Re: Wake up and realize this is global.
"Since the birth of nations, organizations have spied on each other. Information is power and therefore anyone with an interest in their own empire will invest significant effort in getting information, both about its own citizens and it's enemy."
This is quite right. There still is, however, a couple of points to be made.
Until very recently, intelligence efforts of the world's governments, while common and often effective, did not include steaming every piece of mail open, employing an army of scribes to copy and archive the contents (and who wrote to whom when), and so on. At least not in Western liberal democracies - even for hundreds of years before they became liberal or democracies, or before mail services became widespread. Today it is possible, including slurping the metadata on phone calls and regular snail mail from billions of people. But this does not mean governments should be allowed - by us citizens/voters/public - to engage in such activities. Allow me to doubt the value of such data collection for promoting/defending genuine national interests of any country, unlike targeted intelligence gathering.
"What does that really mean? To your typical Joe, not much. A massive percentage of people in the world are not affected by this."
I find this supremely ironic as this kind of attitude is clearly rooted in the historical tradition of those Western liberal democracies where "typical Joes" were not spied upon by their own governments. I suspect that some of those who grew up in places such as - ironically again, given the latest news about Snowden - Russia (USSR, if you prefer) might think that it not only affects everyone but corrupts the very fabric of society. Many of the people who have experienced this kind of oppression - and it is oppression, make no mistake - first hand have preferred the hardships of immigration, and in some cases significant personal danger, to move to countries such as US, UK, France, Germany, or Israel. These countries, among quite a few others, are still expected to be - and make major efforts to present themselves as being - very different in terms of how they treat their citizens. Those of us who grew up in the atmosphere of personal safety and respect often tend not to appreciate the significance and importance of things we take for granted, or the ease with which these things can be taken from us. If/when they are taken from us they will quickly - but still too late - become personally significant.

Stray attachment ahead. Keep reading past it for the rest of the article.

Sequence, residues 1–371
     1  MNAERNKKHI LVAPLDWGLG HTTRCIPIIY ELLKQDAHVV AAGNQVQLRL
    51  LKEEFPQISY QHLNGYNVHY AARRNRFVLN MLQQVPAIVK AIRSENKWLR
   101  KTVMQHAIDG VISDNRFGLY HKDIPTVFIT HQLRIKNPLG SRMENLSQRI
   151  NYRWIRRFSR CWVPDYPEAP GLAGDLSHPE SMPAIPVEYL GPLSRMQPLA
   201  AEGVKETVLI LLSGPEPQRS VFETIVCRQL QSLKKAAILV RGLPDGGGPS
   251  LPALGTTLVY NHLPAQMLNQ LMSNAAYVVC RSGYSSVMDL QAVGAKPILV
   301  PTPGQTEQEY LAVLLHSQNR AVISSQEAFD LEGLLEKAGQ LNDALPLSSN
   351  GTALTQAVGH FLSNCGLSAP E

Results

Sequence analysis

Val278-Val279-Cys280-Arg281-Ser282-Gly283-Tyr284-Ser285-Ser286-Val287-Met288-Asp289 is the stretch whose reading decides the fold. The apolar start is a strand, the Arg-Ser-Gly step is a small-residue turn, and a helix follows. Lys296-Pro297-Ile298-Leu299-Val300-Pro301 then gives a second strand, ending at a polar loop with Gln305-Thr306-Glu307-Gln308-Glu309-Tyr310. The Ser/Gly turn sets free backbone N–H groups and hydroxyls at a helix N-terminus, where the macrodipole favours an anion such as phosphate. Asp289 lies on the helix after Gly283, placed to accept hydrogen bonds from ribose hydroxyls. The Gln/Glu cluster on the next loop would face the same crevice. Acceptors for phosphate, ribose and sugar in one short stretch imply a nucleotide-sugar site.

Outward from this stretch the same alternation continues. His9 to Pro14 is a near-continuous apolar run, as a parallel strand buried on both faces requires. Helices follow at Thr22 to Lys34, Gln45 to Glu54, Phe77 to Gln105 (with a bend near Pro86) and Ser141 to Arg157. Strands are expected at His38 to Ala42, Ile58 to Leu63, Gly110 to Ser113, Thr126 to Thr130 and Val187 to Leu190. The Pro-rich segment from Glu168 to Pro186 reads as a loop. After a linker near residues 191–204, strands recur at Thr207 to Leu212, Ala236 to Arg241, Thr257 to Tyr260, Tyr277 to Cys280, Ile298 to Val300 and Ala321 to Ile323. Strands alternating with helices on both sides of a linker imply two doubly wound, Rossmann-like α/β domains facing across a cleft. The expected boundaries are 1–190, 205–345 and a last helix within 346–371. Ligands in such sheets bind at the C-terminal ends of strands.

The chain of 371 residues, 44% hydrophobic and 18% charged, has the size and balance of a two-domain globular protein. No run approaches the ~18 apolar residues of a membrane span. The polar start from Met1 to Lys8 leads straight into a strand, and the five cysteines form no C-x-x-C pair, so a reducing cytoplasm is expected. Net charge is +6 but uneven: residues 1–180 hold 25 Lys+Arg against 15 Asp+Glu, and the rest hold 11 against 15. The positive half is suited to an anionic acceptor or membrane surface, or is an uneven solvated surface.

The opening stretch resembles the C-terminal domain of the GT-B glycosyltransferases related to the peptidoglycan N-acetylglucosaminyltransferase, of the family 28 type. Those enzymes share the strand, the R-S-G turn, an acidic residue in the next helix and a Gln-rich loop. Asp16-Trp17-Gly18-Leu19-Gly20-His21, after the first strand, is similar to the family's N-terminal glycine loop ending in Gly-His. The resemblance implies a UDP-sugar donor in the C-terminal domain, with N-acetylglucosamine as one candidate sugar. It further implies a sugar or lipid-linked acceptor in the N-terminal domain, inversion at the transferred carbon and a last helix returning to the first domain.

"Are Snowden's efforts going to stop the practices of the US and other nations? I doubt it."
Me too. However, it is generating some noticeable debate, even in the US, it would seem. I, for one, would like to see new laws enacted in the various democracies that would react to the technological advances and will explicitly prohibit government agencies from engaging in such activities (while definitely allowing targeted intelligence gathering). The technological capability will not disappear, of course, but if in the future any civil servant or politician who makes any steps in this direction (or allows others, e.g., through negligence, to make such steps) risks being sent to jail for a very long time if found out, then maybe there will be a reasonably effective deterrent.
Private companies are trickier. People are not forced to use their services, and restricting their activities may be bad for all sorts of important reasons. However, it is completely impractical even today to refuse to communicate with anyone who uses, say, GMail, and so your data and metadata wind up on Google (Yahoo!, Microsoft, Apple, etc.) even if you aren't a user, have never seen or agreed to the ToS, etc. One can start with governments, and if a) a secret court is by definition illegal, and b) a Google exec risks serious jail time for co-operating with such secret court, even if the secret court says otherwise, maybe this may help somewhat, too.
No, I am not very hopeful. Low chance of success is not a reason not to try though, is it?